Eddie Murphy Reflects on 'Cheap' Joke David Spade Made About Him on “SNL” in 1995: 'I Felt It Was Racist'

Spade infamously joked that Murphy was a "falling star" following the release of his 1995 film 'Vampire in Brooklyn'

<p>Steve Granitz/FilmMagic; Steve Granitz/FilmMagic</p> Eddie Murphy (left) and David Spade

Steve Granitz/FilmMagic; Steve Granitz/FilmMagic

Eddie Murphy (left) and David Spade

Eddie Murphy is looking back on what he called a "racist" joke that David Spade made about him on Saturday Night Live nearly three decades ago.

During an appearance on the June 29 episode of The New York Times’ The Interview podcast, the Beverly Hills Cop: Axel F star opened up about some unfair criticism and treatment he received over the years — from both the media and, in particular, one joke that Spade made during a December 1995 “Hollywood Minute” sketch.

In the infamous sketch, an image of Murphy appeared on the screen as Spade, now 59, said, "Look children, it's a falling star, make a wish."

The sketch arrived less than two months after the theatrical release of Murphy's film Vampire in Brooklyn, a movie that Murphy said on the podcast had just "flopped."

“It was like, ‘Yo, it’s in-house! I’m one of the family, and you’re f------ with me like that?’ It hurt my feelings,” said Murphy, 63.

<p>Fred Hermansky/NBCU Photo Bank/NBCUniversal via Getty</p> Eddie Murphy (left) and Chevy Chase on 'Saturday Night Live' in April 1981

Fred Hermansky/NBCU Photo Bank/NBCUniversal via Getty

Eddie Murphy (left) and Chevy Chase on 'Saturday Night Live' in April 1981

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"This is Saturday Night Live. I’m the biggest thing that ever came off that show. The show would have been off the air if I didn’t go back on the show, and now you got somebody from the cast making a crack about my career? And I know that he can’t just say that," Murphy continued.

"A joke has to go through these channels. So the producers thought it was okay to say that," he added. "And all the people that have been on that show, you’ve never heard nobody make no joke about anybody’s career. Most people that get off that show, they don’t go on and have these amazing careers. It was personal."

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Murphy then noted that he considered the joke "a cheap shot" and "felt it was racist." The comedian — who didn't return to the SNL stage until years later for the show's 40th anniversary special in 2015 — added that "in the long run, it's all good."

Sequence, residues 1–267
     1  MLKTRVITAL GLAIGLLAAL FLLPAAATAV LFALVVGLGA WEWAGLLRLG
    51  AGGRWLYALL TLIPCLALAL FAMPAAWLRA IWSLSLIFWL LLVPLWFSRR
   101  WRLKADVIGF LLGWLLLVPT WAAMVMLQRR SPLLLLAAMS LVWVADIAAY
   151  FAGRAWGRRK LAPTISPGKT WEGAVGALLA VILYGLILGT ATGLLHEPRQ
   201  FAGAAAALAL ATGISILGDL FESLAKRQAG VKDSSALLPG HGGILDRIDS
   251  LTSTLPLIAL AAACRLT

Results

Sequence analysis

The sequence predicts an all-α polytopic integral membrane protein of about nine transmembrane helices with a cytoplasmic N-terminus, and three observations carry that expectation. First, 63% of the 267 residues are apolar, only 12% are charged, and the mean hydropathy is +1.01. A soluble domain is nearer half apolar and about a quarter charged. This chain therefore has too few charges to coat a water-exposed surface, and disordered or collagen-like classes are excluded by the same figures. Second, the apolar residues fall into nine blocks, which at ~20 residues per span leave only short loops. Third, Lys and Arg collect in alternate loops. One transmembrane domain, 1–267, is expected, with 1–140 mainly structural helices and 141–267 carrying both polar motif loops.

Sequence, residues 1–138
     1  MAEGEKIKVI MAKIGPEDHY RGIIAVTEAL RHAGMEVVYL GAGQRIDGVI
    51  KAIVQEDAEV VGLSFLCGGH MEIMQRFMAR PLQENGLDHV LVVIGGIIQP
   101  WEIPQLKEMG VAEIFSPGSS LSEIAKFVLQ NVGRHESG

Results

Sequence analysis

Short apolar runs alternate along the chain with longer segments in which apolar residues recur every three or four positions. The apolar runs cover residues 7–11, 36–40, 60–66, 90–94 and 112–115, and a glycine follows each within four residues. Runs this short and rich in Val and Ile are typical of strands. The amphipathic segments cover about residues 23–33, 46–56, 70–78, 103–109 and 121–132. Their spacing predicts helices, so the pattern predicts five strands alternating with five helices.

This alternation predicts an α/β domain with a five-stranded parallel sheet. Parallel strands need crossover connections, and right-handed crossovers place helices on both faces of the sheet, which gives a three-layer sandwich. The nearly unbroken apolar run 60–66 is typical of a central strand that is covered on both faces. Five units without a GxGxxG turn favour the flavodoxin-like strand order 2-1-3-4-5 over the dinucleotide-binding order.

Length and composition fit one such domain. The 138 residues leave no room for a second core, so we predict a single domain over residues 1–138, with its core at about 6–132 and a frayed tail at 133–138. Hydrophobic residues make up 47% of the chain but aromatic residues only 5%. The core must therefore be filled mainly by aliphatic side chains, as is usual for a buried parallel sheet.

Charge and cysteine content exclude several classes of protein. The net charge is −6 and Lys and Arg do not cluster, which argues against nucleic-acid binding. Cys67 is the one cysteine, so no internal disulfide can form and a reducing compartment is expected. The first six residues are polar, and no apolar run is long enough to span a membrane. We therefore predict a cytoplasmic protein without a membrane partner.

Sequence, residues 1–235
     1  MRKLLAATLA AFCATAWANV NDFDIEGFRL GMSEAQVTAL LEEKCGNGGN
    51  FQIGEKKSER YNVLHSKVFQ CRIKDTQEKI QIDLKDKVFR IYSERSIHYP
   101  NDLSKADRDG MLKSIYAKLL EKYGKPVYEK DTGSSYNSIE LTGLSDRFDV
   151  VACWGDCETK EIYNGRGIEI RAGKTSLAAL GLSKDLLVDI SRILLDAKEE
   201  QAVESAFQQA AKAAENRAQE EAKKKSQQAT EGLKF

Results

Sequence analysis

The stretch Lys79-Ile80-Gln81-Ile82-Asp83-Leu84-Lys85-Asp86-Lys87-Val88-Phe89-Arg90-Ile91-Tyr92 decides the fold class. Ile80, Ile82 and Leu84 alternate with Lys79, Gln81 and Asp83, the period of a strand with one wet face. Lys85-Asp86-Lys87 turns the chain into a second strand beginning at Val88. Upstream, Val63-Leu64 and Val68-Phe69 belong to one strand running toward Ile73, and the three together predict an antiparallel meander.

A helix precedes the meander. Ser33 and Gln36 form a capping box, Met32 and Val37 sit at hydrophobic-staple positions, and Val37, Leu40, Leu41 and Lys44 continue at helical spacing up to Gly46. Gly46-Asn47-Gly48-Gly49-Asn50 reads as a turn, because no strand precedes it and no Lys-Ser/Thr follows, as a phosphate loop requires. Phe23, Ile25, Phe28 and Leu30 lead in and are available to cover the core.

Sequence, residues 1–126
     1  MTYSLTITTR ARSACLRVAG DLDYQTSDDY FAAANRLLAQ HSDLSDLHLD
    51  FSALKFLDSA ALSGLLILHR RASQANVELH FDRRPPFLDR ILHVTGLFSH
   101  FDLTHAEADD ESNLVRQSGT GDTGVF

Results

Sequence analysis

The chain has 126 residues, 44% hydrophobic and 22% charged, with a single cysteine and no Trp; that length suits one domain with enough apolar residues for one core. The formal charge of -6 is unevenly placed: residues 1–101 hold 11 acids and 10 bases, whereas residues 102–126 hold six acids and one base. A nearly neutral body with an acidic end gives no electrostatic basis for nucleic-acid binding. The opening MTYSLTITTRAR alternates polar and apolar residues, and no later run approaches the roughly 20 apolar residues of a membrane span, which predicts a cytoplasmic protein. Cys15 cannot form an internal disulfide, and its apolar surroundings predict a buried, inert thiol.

"I'm cool with David Spade. Cool with [SNL creator] Lorne Michaels. Went back to SNL, I'm cool with everybody. It's all love," he said. "But I had a couple of cheap shots."

A rep for Spade did not immediately respond to PEOPLE's request for comment on Saturday.

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Spade previously revealed that Murphy attempted to reach him multiple times on the Monday after the sketch first aired and, after ducking his calls, he eventually picked up the phone. As Spade later recounted to Sway in the Morning in 2018, Murphy yelled at him and brought up "valid points" about how he helped keep SNL "on the air" during their phone conversation.

"I couldn't really get anything out. I was a fan, I wanted to say... I don't think I said that much," Spade recalled. "I was scared. And my feelings were so hurt because I love Eddie Murphy so much and he hated me. I'd rather just wonder if he ever thought I was funny, now I have proof he doesn't and he hates me."

In his 2015 memoir Almost Interesting, Spade wrote that he ultimately felt bad about the “stupid" joke, per Variety.

“Everybody in showbiz wants people to like them. That’s how you get fans. But when you get reamed in a sketch or online or however, that shit staaaangs," he wrote. "And it can add up quickly.”

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